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Magic Leap raises big new funding round

Illustration courtesy of Magic Leap

Augmented reality startup Magic Leap is raising upwards of $1 billion in new venture capital funding, according to a Delaware regulatory filing unearthed by CB Insights. It would be Series D stock sold at $27 per share, which is a 17.2% bump from Series C shares issued in the summer of 2016.

Bottom line: Magic Leap still hasn't come out with a commercial product, having repeatedly missed expected release dates. But investors must still like what they see down in Ft. Lauderdale, given that they keep plugging in more money at increased valuations.

Digging in: Multiple sources tell Axios that the deal is closed, although we do not know exactly how much was raised. The Delaware filing is only a stock authorization, which means the Florida-based company may actually raise less. Bloomberg had reported last month that Magic Leap was raising $500 million at around a $5.5 billion pre-money valuation, with new investors expected to include Singapore's Temasek Holdings. One source suggests the final numbers should be close to what Bloomberg reported.

Mike Allen 8 hours ago
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A huge clue about Mueller's endgame

Robert Mueller testifies before Congress in 2013. Photo: Saul Loeb / AFP / Getty Images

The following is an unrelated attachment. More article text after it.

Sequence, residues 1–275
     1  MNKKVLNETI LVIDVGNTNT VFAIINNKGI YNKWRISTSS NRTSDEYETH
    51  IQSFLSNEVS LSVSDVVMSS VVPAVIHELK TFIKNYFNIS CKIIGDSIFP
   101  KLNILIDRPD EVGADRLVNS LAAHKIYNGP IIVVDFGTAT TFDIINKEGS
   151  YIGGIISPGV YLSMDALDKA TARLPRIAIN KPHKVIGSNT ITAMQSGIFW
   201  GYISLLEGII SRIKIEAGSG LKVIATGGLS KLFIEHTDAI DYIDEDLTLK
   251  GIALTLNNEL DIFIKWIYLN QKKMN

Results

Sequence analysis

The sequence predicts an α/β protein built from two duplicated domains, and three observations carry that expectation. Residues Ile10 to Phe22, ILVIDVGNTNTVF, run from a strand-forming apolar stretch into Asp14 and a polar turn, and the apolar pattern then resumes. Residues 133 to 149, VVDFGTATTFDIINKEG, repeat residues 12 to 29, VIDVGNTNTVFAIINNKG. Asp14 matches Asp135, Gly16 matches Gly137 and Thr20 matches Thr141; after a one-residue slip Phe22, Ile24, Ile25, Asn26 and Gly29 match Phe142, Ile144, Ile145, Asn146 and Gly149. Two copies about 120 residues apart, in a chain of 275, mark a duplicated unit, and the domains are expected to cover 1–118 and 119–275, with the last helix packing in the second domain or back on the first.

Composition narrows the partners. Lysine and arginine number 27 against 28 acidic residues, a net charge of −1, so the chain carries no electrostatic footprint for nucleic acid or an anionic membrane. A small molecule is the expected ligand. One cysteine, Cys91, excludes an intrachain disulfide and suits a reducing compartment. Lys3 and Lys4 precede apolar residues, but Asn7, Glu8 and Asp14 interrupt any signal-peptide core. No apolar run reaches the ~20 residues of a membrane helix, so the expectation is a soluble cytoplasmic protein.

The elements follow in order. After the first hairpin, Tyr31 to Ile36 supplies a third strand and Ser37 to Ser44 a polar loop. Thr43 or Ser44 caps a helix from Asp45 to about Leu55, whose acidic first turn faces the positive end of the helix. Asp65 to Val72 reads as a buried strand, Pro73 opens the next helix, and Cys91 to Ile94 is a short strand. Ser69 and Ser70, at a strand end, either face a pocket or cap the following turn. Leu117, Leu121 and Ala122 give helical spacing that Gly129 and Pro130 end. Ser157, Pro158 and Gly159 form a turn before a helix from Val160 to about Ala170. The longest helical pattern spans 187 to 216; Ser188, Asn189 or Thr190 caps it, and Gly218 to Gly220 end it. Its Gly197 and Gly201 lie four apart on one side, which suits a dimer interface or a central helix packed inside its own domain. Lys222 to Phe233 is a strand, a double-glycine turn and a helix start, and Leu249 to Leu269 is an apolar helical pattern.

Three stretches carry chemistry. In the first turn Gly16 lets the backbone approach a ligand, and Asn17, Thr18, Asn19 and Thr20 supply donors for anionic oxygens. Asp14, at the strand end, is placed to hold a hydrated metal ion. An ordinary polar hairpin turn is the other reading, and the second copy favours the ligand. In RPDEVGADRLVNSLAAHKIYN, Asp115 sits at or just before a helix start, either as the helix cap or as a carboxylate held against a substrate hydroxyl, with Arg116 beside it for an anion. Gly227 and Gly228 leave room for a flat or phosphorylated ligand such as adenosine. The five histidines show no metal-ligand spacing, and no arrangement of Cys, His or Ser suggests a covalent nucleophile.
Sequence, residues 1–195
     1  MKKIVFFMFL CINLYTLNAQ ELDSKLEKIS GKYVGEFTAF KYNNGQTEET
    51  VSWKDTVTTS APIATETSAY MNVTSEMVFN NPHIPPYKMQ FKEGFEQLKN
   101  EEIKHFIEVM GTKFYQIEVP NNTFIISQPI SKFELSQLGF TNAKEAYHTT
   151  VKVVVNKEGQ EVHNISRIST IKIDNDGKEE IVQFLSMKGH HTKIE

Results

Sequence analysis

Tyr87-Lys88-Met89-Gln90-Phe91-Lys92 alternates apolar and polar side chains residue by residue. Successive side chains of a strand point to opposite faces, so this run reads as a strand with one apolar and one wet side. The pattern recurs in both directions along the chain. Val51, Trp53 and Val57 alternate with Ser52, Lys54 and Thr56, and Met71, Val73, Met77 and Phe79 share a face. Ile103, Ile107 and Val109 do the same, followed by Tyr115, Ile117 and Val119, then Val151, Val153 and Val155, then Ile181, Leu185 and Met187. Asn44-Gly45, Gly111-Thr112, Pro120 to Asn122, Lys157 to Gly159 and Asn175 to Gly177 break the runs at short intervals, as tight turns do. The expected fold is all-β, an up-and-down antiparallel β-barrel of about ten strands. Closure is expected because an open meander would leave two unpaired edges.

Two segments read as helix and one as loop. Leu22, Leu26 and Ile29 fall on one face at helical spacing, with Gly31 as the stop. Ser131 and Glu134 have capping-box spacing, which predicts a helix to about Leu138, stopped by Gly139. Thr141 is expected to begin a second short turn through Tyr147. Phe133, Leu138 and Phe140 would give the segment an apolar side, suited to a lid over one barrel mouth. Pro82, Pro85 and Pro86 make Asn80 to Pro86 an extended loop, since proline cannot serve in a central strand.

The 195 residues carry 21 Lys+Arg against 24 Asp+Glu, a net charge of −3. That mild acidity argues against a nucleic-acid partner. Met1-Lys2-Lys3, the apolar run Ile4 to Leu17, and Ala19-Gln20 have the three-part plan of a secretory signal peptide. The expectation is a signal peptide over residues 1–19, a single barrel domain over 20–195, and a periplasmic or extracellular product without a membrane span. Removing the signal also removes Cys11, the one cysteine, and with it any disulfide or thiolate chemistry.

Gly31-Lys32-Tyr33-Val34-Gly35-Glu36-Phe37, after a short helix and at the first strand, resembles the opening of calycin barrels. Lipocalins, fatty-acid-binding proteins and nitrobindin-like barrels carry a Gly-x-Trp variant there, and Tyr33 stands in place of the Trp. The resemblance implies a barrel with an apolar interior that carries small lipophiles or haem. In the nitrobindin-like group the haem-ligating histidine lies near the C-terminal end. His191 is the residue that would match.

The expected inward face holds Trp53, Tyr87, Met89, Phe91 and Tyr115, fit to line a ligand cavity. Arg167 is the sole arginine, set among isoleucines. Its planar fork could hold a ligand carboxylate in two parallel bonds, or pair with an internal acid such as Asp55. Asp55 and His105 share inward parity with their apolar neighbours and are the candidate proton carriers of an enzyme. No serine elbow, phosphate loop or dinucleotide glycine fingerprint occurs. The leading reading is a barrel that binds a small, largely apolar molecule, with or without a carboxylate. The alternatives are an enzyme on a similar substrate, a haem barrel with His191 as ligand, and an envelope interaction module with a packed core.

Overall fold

Axios has learned that special counsel Robert Mueller has focused on events since the election — not during the campaign — in his conversations with President Trump's lawyers. The top two topics that Mueller has expressed interest in so far: the firings of FBI director James Comey and national security adviser Michael Flynn.

Why it matters: That suggests a focus on obstruction of justice while in office, rather than collusion with Russia during the campaign. But both sagas are interwoven with Russia: Trump himself has linked Comey's firing to Russia, and Flynn pleaded guilty to lying to the FBI about conversations with the Russian ambassador during the transition.

Amy Harder 10 hours ago
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Column / Harder Line

The swamp’s tug-o-war over America’s ethanol mandate

American eagle with corn in its claws
Illustration: Rebecca Zisser / Axios

A biofuels standard Congress passed more than a decade ago in the name of rural development, energy security and climate change has devolved into an arcane fight over market share that has nothing to do with those initial three goals.

Why it matters: The law — called the renewable fuel standard that requires refineries to blend biofuels into gasoline — is a textbook example of how regulations create winners, losers and unintended consequences.